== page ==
During a meeting with a legal scholar, President Trump, VP Pence, and the scholar started talking about gay rights. Trump pointed to Pence and said, “Don’t ask that guy – he wants to hang them all!”
There’s a lot that’s disturbing about this statement. Joking about the deaths of LGBT people – a group that’s been experiencing record numbers of violence – is yet another example of Trump’s total disregard for the issue. The other thing that’s disturbing is that it proves Pence has not budged on his defining quality – hostility towards the LGBT community.
In 2006, Pence supported a constitutional amendment that would define marriage as between a man and woman. He didn’t stop there however, but said that being gay was a choice and accepting it into society would lead to its collapse.
Just a year later, he opposed a law that would make discriminating against LGBT people in the workplace illegal. Apparently, not being allowed to fire people because you don’t agree with their sexual identity “wages war on freedom and religion.”
In 2010, Pence wanted to keep Don’t Ask, Don’t Tell, which forced military personnel from identifying opening as gay. His reasoning? He didn’t want the military to be a “backdrop for social experimentation.” That’s a really confusing reason because it isn’t like there haven’t been gay people in the military. How is letting soldiers be open and honest about their lives back home an “experiment?”
In 2015, Pence made his name known nationwide when he signed a bill that would let Indiana businesses use their religion to refuse service to LGBT customers. I’ve heard conservatives talk a lot about “slippery slopes” when it comes to issues like gun control, but letting business owners refuse service because of a customer’s sexual identity is EXTREMELY slippery. It’s also just plain ol’ discrimination. To Pence, it might make sense because he thinks being gay is a choice, but he’s wrong, and you don’t get to make laws based on lies. That’s a slippery slope.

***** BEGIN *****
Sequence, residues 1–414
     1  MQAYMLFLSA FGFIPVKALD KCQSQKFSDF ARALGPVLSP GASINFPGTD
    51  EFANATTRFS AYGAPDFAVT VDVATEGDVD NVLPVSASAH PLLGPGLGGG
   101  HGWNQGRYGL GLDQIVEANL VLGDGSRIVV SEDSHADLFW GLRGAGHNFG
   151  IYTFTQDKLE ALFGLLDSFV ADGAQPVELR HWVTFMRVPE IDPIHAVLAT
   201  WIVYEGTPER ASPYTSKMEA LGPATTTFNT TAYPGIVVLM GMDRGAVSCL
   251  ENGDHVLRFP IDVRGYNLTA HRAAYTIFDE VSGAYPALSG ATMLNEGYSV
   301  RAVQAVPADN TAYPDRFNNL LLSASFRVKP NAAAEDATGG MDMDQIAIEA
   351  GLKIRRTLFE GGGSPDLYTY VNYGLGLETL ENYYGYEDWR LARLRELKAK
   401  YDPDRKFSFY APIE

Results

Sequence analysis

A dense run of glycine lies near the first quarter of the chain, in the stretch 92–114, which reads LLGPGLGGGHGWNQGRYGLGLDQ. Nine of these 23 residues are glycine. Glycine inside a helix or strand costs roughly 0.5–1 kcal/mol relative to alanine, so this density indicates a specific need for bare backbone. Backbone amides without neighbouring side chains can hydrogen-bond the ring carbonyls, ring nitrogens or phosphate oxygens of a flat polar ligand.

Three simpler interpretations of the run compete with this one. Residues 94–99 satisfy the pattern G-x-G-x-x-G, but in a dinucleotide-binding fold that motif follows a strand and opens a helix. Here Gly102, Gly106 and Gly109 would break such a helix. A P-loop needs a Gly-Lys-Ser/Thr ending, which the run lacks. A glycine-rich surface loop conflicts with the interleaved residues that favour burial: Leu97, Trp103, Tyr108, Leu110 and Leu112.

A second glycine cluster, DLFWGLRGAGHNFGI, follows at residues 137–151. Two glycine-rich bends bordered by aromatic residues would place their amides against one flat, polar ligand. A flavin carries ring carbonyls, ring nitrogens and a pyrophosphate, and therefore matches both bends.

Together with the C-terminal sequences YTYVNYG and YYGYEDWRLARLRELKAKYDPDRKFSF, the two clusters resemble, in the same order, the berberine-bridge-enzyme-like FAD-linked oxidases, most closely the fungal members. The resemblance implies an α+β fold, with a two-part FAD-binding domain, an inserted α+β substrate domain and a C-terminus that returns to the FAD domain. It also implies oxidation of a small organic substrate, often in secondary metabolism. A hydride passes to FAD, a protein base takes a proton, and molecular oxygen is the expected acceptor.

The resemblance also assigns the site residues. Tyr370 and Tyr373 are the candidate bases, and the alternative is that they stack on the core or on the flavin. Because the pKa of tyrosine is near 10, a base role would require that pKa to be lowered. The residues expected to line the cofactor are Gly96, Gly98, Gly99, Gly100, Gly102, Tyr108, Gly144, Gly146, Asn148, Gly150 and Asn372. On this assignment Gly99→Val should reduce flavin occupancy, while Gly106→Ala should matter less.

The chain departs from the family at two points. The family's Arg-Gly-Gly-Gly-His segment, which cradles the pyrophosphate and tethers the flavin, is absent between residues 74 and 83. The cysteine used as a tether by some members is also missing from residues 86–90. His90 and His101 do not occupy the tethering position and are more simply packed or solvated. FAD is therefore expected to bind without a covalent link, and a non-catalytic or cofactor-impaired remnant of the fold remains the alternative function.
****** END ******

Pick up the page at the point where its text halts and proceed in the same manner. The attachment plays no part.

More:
The most troubling thing about Pence, in my opinion, is his support for conversion therapy. He hasn’t been outspoken about it, because he knows it’s controversial, but when he was running for Congress, he suggested that federal money that was being used to research HIV/AIDS would be better diverted to “provide assistance to those seeking to change their sexual behavior.”
Um, what? That would be “conversion therapy,” which is derided by the American Psychological Association and has a long history of misconduct, including lobotomies, electroshock, testicle transplants, castration, female circumcision, drugs, and verbal abuse. While methods have changed, the goal is the same: convince someone their sexual orientation is wrong and needs to be “straightened out.”
Conversion therapy is banned in a handful of states, but it’s not banned on a federal level. I heard someone say that being gay was “protected and celebrated” in America, like it was a bad thing, and I had to laugh. What groups are ones that need to be protected? Ones that are in danger. And what are some reasons to celebrate being gay? When it’s been stomped down for decades and told it’s destroying society, perhaps? A celebration is simply telling a person, “You’re not bad. There’s nothing wrong with you. We love you.”
Pence wants a world where every LGBT person believes there’s something inherently wrong with them; that because of the evil in their souls, they’ve “chosen” a dark path and need to be “converted.” He ignores every personal story and every sound piece of medical research on the subject, and instead chooses to uphold outdated and hateful misconceptions on what sexual orientation is, and what life is actually like for LGBT people.
Pence may be quiet, but he’s dangerous. And unlike Trump, Pence has a lot of people on his side.